Out of the pear tree

The Sage called to me to come quickly.  One of the hen partridges had come to show us her babies.  I’d thrown some crushed maize for the chickens and their chicks a little while ago and this mother and babies were tucking into the remains.  I took some photos but they’re so well camouflaged that they are too hard to see.  Later however, Dilly called us out for the same reason, and this time I took more photos and – well, they’re not that easy to spot, but at least it’s possible.

The mother had gone under the car.  Can you see the babies?

This might make it easier.

“I didn’t think there could be anything cuter than a day-old chick,” I said, ‘but partridge chicks are the sweetest little things you could see.”  Dilly agreed.  The mother wasn’t a bit concerned about us being closer to her babies than she was, but a few minutes later one of them followed her and the other got lost.  It started to give piping little alarm calls and she whizzed back, calling out reassuringly, to fetch it. Reunited, the three of them went through a hole in the barn door to safety.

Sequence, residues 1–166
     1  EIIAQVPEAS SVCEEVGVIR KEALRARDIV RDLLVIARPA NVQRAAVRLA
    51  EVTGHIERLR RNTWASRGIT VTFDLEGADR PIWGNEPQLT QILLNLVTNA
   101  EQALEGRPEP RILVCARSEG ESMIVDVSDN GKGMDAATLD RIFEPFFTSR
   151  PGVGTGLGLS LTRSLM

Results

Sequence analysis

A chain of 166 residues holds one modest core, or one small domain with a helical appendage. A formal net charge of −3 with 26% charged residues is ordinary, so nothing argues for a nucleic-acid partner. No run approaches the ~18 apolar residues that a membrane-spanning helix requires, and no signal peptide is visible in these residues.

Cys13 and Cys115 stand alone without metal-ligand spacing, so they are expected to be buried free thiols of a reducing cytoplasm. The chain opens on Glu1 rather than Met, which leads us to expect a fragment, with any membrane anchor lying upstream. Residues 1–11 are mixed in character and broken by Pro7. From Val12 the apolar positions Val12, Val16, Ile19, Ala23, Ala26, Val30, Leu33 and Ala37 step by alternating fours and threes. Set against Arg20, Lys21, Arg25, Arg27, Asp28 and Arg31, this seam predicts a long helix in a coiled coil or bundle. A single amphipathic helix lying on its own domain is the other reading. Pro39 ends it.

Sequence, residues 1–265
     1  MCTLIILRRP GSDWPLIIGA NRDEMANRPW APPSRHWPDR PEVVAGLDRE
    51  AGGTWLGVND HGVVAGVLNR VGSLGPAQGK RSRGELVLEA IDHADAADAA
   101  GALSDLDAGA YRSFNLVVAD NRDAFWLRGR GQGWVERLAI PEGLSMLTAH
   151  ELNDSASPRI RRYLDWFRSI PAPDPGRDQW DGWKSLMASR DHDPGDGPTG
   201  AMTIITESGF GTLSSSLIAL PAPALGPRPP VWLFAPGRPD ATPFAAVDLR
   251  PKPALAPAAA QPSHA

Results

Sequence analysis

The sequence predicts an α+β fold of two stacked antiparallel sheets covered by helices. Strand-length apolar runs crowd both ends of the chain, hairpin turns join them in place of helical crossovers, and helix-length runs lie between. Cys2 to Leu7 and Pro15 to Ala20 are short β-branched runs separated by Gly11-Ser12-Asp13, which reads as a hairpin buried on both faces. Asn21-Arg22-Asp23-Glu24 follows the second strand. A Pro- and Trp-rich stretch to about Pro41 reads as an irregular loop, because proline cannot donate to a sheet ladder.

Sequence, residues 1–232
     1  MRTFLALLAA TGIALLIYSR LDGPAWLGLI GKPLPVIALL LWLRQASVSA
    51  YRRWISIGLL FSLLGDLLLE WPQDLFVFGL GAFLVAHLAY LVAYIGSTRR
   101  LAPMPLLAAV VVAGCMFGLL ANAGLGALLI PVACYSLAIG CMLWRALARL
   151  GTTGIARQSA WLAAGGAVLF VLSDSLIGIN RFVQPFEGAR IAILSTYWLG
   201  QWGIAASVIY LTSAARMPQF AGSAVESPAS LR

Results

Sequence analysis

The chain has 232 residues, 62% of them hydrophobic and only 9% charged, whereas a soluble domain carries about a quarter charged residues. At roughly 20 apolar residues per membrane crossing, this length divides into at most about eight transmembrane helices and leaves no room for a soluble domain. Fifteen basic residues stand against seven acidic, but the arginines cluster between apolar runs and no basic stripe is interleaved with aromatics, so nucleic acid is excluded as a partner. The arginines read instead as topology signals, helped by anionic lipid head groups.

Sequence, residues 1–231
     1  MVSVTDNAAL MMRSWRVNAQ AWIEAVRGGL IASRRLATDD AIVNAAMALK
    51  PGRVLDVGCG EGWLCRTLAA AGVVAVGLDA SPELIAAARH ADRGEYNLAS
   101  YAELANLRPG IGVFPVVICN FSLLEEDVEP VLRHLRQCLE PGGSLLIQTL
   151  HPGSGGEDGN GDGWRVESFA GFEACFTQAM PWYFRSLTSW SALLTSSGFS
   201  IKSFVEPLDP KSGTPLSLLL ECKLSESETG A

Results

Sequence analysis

I have no idea how many chickens we have now, including the chicks of various ages, but it must be at least fifty, and the Sage says that there are more eggs due to hatch in a few days.  We hope for females of course, but there will be more than we can cope with – or rather, more eggs in a few months’ time than we’ll know what to do with – and we will have to find homes for some of them.  And then there are the partridges and pheasants, who cluster with the others to be fed.  And the Sage says there are kingfishers by the beck.  

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